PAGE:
Department of Political Science and Economics
After earning his Ph.D. from Baylor University, where he studied American Politics and Political Theory, Burns joined Christendom’s department of Political Science and Economics in 2017. His teaching and research interests include American Constitutionalism (especially separation of powers), American Political Thought (particularly the American Founding and the Progressive Era), the presidency, the judiciary, and Ancient and Early Modern political theory. He is currently completing a book manuscript, based on his dissertation, which explores the relationship between William Howard Taft’s constitutionalism and progressivism. He is currently working on a number of smaller projects, including essays on The Federalist’s understanding of the United States as a commercial republic, the place of the president’s pardon power in the constitutional scheme, and the constitutional problems with the War Powers Resolution of 1973.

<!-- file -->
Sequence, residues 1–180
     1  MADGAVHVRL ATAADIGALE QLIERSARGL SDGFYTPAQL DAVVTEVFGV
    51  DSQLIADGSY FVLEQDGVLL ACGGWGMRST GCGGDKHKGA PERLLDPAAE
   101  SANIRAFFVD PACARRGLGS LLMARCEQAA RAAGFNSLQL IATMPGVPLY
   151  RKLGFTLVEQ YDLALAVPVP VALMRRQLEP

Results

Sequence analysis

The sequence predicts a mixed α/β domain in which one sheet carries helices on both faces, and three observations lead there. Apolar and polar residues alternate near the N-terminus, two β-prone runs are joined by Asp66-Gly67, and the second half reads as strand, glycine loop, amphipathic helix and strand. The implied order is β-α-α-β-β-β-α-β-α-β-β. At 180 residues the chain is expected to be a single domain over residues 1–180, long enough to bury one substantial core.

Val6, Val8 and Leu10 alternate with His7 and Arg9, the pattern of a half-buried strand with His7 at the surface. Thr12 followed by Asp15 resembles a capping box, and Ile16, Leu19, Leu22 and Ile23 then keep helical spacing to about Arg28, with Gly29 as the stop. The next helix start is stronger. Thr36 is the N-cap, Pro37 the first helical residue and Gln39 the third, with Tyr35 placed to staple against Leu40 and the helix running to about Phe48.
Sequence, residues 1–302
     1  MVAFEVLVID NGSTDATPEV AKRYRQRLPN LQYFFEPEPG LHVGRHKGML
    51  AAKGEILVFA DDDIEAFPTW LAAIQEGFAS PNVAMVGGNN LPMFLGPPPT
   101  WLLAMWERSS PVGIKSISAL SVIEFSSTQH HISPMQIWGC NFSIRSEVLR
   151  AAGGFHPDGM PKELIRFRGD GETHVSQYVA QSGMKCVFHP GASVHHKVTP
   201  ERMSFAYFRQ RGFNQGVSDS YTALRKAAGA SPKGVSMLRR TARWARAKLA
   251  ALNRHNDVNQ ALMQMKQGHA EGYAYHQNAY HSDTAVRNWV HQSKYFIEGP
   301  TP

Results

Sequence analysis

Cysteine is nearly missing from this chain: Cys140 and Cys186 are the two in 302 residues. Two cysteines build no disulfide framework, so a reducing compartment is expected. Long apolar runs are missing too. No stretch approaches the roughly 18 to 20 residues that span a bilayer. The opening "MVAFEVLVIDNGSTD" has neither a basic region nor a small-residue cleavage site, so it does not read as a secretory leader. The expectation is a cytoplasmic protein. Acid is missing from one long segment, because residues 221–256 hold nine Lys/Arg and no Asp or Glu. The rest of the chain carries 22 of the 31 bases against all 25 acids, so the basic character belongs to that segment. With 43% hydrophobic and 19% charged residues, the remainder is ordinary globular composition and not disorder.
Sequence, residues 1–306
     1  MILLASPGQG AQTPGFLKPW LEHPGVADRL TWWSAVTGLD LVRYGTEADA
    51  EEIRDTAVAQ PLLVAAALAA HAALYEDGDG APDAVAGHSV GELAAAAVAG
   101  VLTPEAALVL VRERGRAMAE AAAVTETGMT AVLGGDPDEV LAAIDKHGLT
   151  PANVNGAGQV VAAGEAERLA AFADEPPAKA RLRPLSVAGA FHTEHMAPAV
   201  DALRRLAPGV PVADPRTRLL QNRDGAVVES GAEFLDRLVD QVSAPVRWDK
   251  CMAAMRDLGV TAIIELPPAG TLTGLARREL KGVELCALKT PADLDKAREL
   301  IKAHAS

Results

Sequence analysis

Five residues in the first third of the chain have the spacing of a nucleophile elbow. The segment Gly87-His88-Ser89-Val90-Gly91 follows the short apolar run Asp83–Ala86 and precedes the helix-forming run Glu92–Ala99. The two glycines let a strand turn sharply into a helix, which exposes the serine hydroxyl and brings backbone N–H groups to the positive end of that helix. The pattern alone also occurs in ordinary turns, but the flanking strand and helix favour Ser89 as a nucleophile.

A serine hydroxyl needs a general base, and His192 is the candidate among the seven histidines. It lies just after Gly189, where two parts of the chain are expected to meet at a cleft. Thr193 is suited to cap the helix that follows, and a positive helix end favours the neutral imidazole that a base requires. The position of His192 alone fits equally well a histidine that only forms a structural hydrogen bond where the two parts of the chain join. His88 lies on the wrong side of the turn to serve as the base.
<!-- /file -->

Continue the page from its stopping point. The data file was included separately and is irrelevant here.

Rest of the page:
Ph.D., Baylor University, Political Science (2017)
M.A., Baylor University, Political Science (2014)
B.A., University of Dallas, Politics (2012)
Elective Courses Taught
PSAE 495 Statesmanship and the Civil War
PSAE 494 The American Presidency
PSAE 321 American Political Thought
PSAE 311 American Government (American Founding)
Core Courses Taught
PSAE 202 Catholic Social Doctrine
PSAE 201 Introduction to Political Theory
“Testing Holmes: Judicial Tests and Legal Pragmatism in Holmes’ Free Speech Opinions.” Constitutional Studies(forthcoming 2020).
Readings in American Government, 10thedition, co-edited with David K. Nichols and Mary P. Nichols. Dubuque, IA: Kendall Hunt Publishing Co. (forthcoming 2019).
“Chief Justice as Chief Executive: Taft’s Judicial Statesmanship.” Journal of Supreme Court History43, no. 1 (March 2018): 47-68.
“A Constitutionalist’s Defense of Prerogative: Taft’s Our Chief Magistrate and His Powers.”
Presidential Studies Quarterly 47, no. 2 (2017): 336-353.